back to top

MIKE KEELER: The Man Behind The President

Mike Keeler

This is a story of a populist President, political favors, fake news and the United States Postal Service. The year is 1835.

Most of us know a bit about Andrew Jackson: war hero, Indian fighter, tough frontiersman (who may have married his wife before she’d divorced her first husband), slave owner, wealthy landholder, founding father of the Democrats, and the 7th President of the United States. He was hated by his enemies, revered by the public, and considered a bit of a goon by everyone.

However, you may not know much about Jackson’s not-so-secret weapon, a man named Amos Kendall. He was an academic who left his native Massachusetts to become tutor to the children of Henry Clay, the Kentucky Congressman and Speaker of the House. From there he became a lawyer, befriended many of the state’s powerful politicians, and was editor and owner of the Georgetown Patriot newspaper. He later moved to the capital of Frankfort, where he ran the influential paper Argus of Western America.

Upon Jackson’s election in 1828, Kendall was appointed Auditor of the Treasury, and he helped Jackson’s supporters take over the Washington Globe. Using that newspaper as Jackson’s unofficial mouthpiece, Kendall transformed Jackson’s rough ideas into persuasive intellectual arguments, which helped polish Jackson’s image. Kendall wrote many of Jackson’s speeches and messages to Congress, including his famous veto of the renewal of the charter of the Second Bank of the United States. Kendall’s control of Jackson’s communications was so complete that John Quincy Adams – Jackson’s bitter rival – later wrote that President Jackson was “for twelve years the tool of Amos Kendall, the ruling mind of the dominion.”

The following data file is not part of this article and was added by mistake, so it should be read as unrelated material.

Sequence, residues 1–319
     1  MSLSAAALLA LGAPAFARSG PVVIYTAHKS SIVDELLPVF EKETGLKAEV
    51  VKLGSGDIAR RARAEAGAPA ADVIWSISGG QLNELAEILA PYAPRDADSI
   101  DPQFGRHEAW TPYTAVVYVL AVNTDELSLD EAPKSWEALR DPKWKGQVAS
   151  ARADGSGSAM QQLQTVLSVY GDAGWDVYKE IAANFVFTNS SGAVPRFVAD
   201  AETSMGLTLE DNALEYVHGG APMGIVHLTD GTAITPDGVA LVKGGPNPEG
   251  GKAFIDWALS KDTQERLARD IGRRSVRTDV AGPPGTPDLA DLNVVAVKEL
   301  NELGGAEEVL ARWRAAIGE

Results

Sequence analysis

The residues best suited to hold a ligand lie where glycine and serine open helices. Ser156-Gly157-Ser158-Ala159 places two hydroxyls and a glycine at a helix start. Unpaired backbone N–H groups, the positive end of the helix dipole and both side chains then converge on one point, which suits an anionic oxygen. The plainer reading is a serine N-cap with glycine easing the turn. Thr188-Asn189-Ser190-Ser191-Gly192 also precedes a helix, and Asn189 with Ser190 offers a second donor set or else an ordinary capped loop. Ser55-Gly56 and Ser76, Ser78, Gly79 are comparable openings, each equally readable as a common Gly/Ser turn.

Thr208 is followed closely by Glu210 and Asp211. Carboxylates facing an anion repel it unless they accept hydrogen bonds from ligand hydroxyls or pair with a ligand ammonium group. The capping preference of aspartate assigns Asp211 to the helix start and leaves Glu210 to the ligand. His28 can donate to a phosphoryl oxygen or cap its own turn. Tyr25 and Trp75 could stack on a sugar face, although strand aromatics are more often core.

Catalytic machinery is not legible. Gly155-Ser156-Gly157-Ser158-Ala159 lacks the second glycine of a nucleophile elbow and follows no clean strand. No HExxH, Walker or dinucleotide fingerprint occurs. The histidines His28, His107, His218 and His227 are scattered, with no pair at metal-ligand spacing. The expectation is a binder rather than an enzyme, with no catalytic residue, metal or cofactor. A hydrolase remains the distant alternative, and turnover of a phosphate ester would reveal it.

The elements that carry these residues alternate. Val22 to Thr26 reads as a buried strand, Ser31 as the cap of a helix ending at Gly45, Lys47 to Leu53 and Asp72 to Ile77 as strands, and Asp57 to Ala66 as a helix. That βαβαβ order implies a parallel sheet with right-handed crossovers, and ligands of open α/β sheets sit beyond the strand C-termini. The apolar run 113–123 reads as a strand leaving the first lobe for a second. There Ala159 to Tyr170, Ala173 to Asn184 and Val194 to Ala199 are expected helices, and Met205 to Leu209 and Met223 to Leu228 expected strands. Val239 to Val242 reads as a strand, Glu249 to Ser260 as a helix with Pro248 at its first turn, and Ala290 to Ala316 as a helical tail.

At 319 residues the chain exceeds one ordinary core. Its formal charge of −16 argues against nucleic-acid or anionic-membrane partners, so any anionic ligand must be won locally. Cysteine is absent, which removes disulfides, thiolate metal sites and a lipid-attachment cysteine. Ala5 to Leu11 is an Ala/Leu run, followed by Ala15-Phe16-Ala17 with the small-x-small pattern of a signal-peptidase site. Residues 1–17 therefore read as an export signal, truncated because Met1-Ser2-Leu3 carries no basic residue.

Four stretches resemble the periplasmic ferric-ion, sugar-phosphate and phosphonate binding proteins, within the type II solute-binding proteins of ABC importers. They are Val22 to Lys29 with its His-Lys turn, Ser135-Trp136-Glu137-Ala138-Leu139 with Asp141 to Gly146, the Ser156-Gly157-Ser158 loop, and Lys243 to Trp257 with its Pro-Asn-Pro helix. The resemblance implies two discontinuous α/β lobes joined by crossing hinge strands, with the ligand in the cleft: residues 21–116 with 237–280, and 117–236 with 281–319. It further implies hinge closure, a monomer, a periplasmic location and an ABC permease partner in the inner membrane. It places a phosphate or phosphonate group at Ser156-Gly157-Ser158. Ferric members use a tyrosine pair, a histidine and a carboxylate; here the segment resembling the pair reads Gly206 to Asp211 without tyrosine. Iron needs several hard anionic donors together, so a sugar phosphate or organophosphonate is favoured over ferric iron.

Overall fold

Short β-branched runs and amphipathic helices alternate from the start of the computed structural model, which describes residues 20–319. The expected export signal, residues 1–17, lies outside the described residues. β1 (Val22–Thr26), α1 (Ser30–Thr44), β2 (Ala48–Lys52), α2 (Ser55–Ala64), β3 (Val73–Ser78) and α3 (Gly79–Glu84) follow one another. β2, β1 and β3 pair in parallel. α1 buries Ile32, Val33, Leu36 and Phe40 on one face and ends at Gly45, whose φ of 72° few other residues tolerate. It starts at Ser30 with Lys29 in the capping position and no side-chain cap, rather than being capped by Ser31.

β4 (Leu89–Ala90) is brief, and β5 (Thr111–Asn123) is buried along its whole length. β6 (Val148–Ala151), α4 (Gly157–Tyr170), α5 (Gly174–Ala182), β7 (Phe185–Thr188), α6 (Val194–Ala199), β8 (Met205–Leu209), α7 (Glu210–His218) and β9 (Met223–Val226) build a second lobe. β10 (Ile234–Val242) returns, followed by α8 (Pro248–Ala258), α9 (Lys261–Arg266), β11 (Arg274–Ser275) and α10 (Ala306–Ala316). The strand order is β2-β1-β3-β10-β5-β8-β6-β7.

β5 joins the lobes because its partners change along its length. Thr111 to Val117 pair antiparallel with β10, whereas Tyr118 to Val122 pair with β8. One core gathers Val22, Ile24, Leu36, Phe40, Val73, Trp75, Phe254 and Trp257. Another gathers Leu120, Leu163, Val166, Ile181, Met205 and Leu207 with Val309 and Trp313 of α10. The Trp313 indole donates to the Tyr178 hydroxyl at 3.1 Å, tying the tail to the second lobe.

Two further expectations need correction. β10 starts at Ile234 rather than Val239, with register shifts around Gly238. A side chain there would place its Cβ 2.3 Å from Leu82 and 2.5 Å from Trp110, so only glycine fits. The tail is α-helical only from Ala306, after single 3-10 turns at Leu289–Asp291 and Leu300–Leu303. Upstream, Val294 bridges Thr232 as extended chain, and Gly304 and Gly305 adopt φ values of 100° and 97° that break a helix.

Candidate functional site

Kendall was a member of Jackson’s cabinet – both before and after the purging of that cabinet as part of the famously-comically-named Petticoat Affair – and he also helped position Jackson’s hand-picked successor Martin Van Buren for the next election. In 1935 – 18 months out from election day – Kendall was appointed Postmaster General. Ostensibly appointed to root out corruption, Kendall manipulated service so that pro-Jackson western markets and newspapers received more punctual deliveries than eastern ones. He also supported southern postmasters in their efforts to seize and destroy abolitionist literature instead of delivering it. Van Buren won the election in a landslide, securing Jackson’s legacy.

Kendall later wrote most of Jackson’s official biography. But then his past started to catch up with him. He was successfully sued multiple times for his manipulation of the Post Office; one case went all the way to the Supreme Court. His finances suffered and he had to sell his family home.

But then, as a well-connected man, Kendall enjoyed one last twist in his communications career. He became the business manager for a guy named Samuel Morse, which got him in on the ground floor of a new technology called the telegraph. He became wealthy indeed, enough to found Gallaudet University for the deaf, and fund construction of Calvary Baptist Church in Washington.

And so, in the end, he got away with it. Amos Kendall – public relations and policy guru to Andrew Jackson and evil manipulator of the Postal Service – died in his mansion in Washington on November 12, 1869, aged 80. And that’s the truth.

Latest Articles

- Advertisement -Fox Radio CBS Sports Radio Advertisement

Latest Articles

- Advertisement -Fox Radio CBS Sports Radio Advertisement

Related Articles